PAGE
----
Language, Literature, and Interdisciplinary Studies


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Postmodern Topography

The postmodern condition, set away from literary and philosophical ideas of Modernism, questions its predecessors’ proclivity for metanarrative topoi and linearity of approaches to cradle what is provisional, contingent, temporary, and relative. Loss of undivided subject, rational and consistent vehicle of historical progress, signals the incompleteness of modernist project in its hankering after certainty and stability. In contrast, the broad brushstrokes of postmodernism not only maintain skepticism towards all meanings or any single perception of the real as valid, but also encourage transhistoric tendencies through a self-reflexive understanding of its own fissures, fractures, and plurality. Representing the unpresentability of experiences postmodern condition forges a worldview where coherent all-encompassing systems of values give away their claims to reality and underscore a suspicion towards the ‘origins’ of history to initiate historiographies inclusive of multiple perspectives. It also reduces subjectivity to a product of power structures and accepts the radically subversive role of desire, celebrating its own arbitrariness even in the face of elusive reality.

Postmodern fictions’ concerns are with breaks from conventional engagement with plot, character, and meaning to bring out new modes of anti-teleological epistemology, narrational self-reflexivity, and insistence on inclusion of the ‘other,’ and yet not ‘as the other.’ Such inclusive narratives are also characterized by pronounced fluidity of boundaries, a free play of language, and its commitment to bring art out of the closed contours of museums. Denying the hierarchical status of popular art and high art as well as the overarching understanding of art and its patterns, postmodernist movements affirm experiences of ‘difference’ with the inception of a new idiom.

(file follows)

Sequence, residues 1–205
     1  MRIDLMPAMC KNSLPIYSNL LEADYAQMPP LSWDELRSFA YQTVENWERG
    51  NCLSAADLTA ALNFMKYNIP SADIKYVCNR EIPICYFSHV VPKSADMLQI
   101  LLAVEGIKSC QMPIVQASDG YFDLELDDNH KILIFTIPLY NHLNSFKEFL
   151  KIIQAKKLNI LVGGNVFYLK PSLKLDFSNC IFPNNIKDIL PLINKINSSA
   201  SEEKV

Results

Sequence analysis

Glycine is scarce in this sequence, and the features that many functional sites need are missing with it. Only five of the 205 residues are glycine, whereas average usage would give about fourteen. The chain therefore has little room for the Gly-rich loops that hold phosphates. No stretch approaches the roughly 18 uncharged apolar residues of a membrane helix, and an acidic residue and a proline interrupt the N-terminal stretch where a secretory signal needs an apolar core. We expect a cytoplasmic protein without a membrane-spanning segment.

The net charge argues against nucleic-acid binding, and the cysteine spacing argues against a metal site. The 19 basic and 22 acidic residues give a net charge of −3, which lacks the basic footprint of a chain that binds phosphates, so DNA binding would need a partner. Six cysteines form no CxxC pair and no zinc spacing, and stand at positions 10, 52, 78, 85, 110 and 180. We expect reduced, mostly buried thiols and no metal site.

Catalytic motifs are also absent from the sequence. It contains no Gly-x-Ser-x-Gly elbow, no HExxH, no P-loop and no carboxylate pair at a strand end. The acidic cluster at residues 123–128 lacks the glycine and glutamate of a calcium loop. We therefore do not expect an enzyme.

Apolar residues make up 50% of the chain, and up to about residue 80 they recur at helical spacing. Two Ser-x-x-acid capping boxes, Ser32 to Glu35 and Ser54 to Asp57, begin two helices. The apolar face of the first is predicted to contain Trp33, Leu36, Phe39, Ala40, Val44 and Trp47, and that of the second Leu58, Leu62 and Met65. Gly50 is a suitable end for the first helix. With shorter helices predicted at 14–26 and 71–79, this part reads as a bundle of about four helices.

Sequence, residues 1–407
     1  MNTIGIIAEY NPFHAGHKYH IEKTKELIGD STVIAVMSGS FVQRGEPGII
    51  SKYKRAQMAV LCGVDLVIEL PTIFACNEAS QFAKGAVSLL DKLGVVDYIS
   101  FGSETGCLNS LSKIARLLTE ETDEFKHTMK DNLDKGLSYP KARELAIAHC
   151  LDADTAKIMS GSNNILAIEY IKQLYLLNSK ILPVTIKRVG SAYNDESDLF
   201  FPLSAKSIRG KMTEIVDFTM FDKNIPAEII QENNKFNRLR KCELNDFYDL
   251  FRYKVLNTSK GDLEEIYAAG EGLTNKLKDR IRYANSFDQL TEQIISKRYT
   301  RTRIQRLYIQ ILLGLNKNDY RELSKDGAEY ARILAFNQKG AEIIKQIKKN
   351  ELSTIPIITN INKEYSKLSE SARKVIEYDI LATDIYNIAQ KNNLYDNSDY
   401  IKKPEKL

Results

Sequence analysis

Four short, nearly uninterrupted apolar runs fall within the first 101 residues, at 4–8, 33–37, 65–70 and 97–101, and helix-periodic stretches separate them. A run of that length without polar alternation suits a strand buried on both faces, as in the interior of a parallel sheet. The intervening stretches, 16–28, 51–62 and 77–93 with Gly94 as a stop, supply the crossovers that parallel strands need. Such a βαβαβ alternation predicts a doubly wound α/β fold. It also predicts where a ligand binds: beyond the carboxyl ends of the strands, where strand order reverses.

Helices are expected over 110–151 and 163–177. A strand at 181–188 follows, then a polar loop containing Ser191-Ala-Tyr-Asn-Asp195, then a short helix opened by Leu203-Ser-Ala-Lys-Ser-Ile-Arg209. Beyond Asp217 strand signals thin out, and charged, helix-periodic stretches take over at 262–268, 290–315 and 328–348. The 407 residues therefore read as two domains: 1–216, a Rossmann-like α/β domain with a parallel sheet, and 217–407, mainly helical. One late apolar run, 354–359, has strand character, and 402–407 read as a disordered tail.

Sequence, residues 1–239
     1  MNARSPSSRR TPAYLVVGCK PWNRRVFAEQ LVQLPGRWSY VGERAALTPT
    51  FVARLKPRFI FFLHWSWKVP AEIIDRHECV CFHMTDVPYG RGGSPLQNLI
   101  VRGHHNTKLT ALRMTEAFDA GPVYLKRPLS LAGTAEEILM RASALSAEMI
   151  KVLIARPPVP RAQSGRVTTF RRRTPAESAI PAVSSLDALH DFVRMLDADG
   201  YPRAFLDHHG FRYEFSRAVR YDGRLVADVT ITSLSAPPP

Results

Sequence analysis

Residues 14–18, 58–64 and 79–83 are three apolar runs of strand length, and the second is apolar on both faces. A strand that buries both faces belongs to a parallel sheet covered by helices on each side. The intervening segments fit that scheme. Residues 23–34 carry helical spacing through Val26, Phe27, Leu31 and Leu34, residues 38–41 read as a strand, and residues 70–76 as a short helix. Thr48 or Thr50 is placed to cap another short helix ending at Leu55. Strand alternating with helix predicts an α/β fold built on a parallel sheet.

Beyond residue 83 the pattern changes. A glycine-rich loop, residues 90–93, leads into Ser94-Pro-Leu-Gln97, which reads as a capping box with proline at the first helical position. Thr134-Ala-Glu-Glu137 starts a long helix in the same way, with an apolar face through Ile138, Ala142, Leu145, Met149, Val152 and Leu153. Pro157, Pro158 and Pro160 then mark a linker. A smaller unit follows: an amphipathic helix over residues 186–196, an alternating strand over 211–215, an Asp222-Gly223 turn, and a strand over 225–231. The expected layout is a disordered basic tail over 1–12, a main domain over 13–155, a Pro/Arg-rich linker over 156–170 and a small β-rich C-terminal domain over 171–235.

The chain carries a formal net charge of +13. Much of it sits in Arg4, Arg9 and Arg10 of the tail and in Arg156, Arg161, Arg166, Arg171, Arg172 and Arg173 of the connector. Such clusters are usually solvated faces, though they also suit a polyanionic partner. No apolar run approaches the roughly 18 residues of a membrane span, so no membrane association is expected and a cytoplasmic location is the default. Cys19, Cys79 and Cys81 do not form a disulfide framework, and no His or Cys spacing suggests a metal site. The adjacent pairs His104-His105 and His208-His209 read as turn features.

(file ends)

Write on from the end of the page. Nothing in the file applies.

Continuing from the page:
If Lyotard, Baudrillard, Umberto Eco, Derrida, Foucault, among others are defenders of postmodernist temperament of alterity and difference, other thinkers like Habermas and Jameson hold reservations towards its functioning. Contextualizing it within political economy and history they argued it to be a strategy of capitalism promoting senseless consumption of commodities. This issue invites papers that argue against or subscribe to the postmodernist ethos of constructing the perceived reality through uncatalogued signs or symbols. Following are some suggested themes for the upcoming issue:

• Postmodernism as a critical tendency rather than a philosophical movement of late twentieth century
• Postmodernism as a retrospective view of modernity
• Mimetic v/s Constructive nature of fiction
• Metafictional self-reflexivity in postmodern fiction
• Postmodernism in art
• Spectacle and style in postmodern art
• Postmodernism as a reaction against canonization
• Postmodern art as a critique of consumerism and mass production
• Postmodern, an acceptance of the bawdy

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